It may be a forgone conclusion that either John Banks or Peter Dunne are removed from Parliament before the next election, as they both face serious charges which if upheld would ensure their political careers are effectively over.
As I’m sure the enlightened reader’s of The Daily Blog are aware, Banks is caught up in a private prosecution concerning his not so anonymous donations while Dunne is facing accusations of leaking a report into the GCSB.
If found guilty, both these mealy-mouthed politicians should be automatically expelled from Parliament, being that the respective crimes they’re accused of carry a maximum penalty of two or more years in prison. With the government having a one-seat majority, losing Banks or Dunne could cause a snap election.
Whatever the outcome, the writing is already on the wall for United Future. Last week the Electoral Commission deregistered the defunct party because it basically didn’t have enough paid up members. David Carter, the biased Speaker of the House, hasn’t decided whether Dunne should lose his extra $122,000 per year in party funding, which in my opinion is an entirely unacceptable decision to delay making. This is public money after all and there are rules that should be followed.
The Act party is in a similar boat and polling well below the threshold required under MMP. It’s yet to be seen whether another National party endorsement will get Banks reelected in Epsom and with the Act party registering well below 1%, their hopes of remaining a viable political party look set to be dashed against the rocks of democracy.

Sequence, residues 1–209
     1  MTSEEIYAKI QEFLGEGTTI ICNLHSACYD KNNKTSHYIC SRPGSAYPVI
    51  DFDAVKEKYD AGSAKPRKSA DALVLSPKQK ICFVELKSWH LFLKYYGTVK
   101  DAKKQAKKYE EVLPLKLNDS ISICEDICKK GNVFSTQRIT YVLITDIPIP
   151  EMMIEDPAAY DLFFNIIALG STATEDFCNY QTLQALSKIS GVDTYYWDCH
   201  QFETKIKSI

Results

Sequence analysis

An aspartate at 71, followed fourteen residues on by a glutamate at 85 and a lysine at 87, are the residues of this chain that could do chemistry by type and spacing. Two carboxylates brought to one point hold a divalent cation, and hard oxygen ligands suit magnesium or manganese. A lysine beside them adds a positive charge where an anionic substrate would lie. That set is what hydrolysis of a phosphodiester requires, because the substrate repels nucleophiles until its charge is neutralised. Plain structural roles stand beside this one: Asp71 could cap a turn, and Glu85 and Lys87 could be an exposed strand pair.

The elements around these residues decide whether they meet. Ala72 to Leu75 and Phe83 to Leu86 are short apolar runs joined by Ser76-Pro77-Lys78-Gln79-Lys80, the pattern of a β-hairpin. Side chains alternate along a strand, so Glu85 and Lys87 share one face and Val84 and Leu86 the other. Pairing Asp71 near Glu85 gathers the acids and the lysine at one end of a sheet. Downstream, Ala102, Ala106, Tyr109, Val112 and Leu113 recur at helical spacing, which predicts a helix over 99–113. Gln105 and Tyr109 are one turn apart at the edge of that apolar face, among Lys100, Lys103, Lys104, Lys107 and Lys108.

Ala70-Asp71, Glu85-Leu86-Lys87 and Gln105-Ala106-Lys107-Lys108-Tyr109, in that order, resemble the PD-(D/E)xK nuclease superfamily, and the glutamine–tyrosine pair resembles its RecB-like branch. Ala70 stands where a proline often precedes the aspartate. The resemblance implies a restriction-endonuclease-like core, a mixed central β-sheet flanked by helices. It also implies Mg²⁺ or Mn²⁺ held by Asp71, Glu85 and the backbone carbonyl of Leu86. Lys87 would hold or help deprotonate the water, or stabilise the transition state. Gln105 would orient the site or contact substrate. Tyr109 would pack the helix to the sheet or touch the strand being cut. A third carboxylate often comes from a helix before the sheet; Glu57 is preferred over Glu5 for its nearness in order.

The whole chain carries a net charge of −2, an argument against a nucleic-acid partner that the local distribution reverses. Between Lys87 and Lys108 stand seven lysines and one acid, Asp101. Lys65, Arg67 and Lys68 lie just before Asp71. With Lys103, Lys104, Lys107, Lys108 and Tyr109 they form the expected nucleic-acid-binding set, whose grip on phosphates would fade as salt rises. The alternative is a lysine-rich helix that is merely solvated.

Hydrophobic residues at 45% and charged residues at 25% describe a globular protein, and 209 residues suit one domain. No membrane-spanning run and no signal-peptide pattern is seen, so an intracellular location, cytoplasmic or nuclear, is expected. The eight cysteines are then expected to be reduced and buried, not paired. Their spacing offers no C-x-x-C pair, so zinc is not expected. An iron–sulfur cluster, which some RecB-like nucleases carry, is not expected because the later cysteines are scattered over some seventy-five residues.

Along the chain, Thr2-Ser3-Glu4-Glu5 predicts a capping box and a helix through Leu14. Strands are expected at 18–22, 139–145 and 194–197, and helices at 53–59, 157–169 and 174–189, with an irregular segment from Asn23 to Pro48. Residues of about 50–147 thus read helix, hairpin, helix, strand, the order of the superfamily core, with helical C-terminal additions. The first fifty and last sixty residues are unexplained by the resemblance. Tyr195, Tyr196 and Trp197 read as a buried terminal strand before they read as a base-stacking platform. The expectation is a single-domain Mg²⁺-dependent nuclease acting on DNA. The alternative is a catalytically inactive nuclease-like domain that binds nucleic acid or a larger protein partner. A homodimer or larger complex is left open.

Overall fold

Depending on how this all plays out, National could be a very lonely party on the opposition benches after the next election. Even with the faux support of other centre right parties, the Natz are unlikely to win the next election. NZ First and the Maori party will both align with a Labour and Greens coalition government, given half a chance.
The problem for Peters is NZ First’s undignified racist attitude, which has received widespread condemnation both here and abroad. Such divisive sentiments simply aren’t resonating with the general public like they used to and NZ First’s support will probably decline into oblivion if they continue to follow a similar political tactic. They’re also not polling above the threshold to retain any list MPs, which means John Keys’ changing of tune to entertain the idea of a coalition deal with Winston Peters could all be in vain.
The issue here is that a majority of the voting public is fed up with right wing policies that have allowed New Zealand’s economy and society in general to stagnate. We used to be one of the best countries in the world, now we’re lucky to even rate above average. Only a new policy direction will give all Kiwis, irrespective of skin colour or financial status, the chance to attain a better standard of living. Only a change of government will ensure we all have the brighter future that was promised to us by John Key all those years ago.